Mr Martin Dunne, Director of the National Ambulance Service said: “The patient is at the heart of our work and the NAS values greatly the contribution of the voluntary pre-hospital critical care services make to patient care. The NAS is delighted to support the enhanced patient care that pre-hospital transfusion can offer and looks forward to expanding this project”.
Dr Joan Fitzgerald, Consultant Haematologist at St. Vincent’s University Hospital said: “This exciting new development has been several months in preparation and will make a real difference to the treatment we can deliver to seriously injured patients in the region. The Medical Scientists in the Blood Transfusion Laboratory have worked closely with the Emergency Department, the National Ambulance Service and Wicklow Rapid Response to ensure the system is safe and secure with no wastage of blood products and full traceability 24/7 including holiday periods”.
In addition to red cells, WWRR will be carrying two units of plasma to promote blood clotting. While the red cells carry oxygen, transfusing plasma in a 1:1 ratio with red cells is the current best evidence for promoting blood clotting, a recognised problem in major trauma patients. The emergency blood and plasma are supplied every 48 hours from the blood transfusion laboratory at SVUH and replenished as required. If unused, the products are returned within 48 hours to the blood transfusion laboratory at SVUH for use elsewhere, preventing any wastage. Blood products are a precious resource and must be stored refrigerated. The blood products are stored in Credo © “Golden Hour” boxes, which are validated for prolonged storage on the WWRR RRV at 4oC thereby making the blood and plasma immediately available at the major trauma scenes locations.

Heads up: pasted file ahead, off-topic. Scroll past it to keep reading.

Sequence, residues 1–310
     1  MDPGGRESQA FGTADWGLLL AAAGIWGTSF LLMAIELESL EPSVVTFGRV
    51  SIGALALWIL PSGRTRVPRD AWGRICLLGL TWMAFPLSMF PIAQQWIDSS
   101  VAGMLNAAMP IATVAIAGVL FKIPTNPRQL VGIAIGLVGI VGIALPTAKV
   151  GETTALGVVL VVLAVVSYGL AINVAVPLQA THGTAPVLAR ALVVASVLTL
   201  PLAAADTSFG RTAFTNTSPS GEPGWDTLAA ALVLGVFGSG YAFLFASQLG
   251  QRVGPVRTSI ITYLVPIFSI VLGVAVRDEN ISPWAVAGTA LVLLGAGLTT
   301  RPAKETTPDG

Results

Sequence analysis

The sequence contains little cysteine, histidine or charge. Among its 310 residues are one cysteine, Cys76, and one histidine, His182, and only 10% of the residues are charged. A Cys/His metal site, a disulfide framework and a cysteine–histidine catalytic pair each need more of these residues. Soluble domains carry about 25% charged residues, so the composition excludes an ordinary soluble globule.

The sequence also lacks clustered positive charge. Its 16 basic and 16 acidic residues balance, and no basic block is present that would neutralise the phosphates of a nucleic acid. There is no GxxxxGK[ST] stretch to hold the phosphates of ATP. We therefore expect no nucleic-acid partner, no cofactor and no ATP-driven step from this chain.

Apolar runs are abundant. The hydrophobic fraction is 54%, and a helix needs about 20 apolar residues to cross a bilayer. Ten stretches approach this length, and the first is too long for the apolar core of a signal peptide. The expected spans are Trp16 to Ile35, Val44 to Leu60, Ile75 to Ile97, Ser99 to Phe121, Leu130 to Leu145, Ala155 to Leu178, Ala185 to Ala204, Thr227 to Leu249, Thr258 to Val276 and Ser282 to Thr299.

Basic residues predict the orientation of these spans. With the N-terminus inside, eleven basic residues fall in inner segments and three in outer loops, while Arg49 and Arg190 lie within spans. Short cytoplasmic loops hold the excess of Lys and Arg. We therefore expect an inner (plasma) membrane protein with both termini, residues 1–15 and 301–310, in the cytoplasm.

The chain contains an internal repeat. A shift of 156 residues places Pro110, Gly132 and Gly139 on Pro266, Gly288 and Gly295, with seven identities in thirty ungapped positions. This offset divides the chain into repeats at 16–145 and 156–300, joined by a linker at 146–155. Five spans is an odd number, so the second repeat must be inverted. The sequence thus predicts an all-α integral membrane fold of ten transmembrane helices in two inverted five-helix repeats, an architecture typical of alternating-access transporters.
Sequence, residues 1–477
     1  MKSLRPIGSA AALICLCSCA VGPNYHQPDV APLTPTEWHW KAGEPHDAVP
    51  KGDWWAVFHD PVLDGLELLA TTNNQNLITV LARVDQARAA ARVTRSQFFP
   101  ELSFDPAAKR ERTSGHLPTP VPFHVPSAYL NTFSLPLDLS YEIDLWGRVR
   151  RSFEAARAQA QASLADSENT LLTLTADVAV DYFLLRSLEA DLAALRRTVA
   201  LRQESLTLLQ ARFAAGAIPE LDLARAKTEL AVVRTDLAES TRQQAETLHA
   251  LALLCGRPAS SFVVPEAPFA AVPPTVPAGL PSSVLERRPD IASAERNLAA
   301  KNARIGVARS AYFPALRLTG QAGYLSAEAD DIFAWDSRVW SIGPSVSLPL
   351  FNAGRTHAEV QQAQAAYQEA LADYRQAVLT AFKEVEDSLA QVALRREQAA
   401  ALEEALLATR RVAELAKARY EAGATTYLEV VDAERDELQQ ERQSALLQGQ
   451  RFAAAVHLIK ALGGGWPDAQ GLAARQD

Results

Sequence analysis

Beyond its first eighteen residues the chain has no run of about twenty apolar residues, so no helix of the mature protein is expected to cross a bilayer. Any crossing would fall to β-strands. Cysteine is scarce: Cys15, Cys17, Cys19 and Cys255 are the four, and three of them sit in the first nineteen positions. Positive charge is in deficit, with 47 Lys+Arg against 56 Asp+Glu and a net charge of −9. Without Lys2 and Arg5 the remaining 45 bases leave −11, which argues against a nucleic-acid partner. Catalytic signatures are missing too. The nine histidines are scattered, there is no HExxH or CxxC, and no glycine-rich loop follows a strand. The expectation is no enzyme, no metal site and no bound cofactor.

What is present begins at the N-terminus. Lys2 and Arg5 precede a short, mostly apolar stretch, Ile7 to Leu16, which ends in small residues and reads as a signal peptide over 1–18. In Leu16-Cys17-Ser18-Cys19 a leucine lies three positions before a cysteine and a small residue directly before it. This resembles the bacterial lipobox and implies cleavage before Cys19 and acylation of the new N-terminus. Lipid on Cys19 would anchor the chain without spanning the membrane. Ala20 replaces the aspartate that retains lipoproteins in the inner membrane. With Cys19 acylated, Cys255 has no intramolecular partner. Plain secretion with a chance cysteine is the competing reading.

When the blood is required in trauma scenes, it must be warmed to body temperature which is a key step in preventing hypothermia and other complications in patients receiving blood products.
Thanks to fundraising and donations, St Vincent’s Foundation were recently able to purchase portable blood and fluid warmer for pre-hospital use. The Qinflow © Warrior blood and fluid warmer is a state of the art device, specifically designed for out of hospital use. This will be the first such unit in use in Ireland and it has the capability to warm intravenous fluids and blood products from 4oC to body temperature in seconds. We are really grateful to the donors and fundraisers who have made this possible
Dr Stephen Field, Medical & Scientific Director of the Irish Blood Transfusion Service said: “The IBTS is delighted to support this initiative, which will be life-saving. There is good scientific evidence for pre-hospital transfusion and it is the norm elsewhere. Blood products are always in demand, if people would like to support this, one of the best ways they can do so is to donate blood themselves”.
Pictures below show Dr David Menzies, Emergency Medicine Consultant, St. Vincent’s University Hospital and the portable blood and fluid warmer equipment.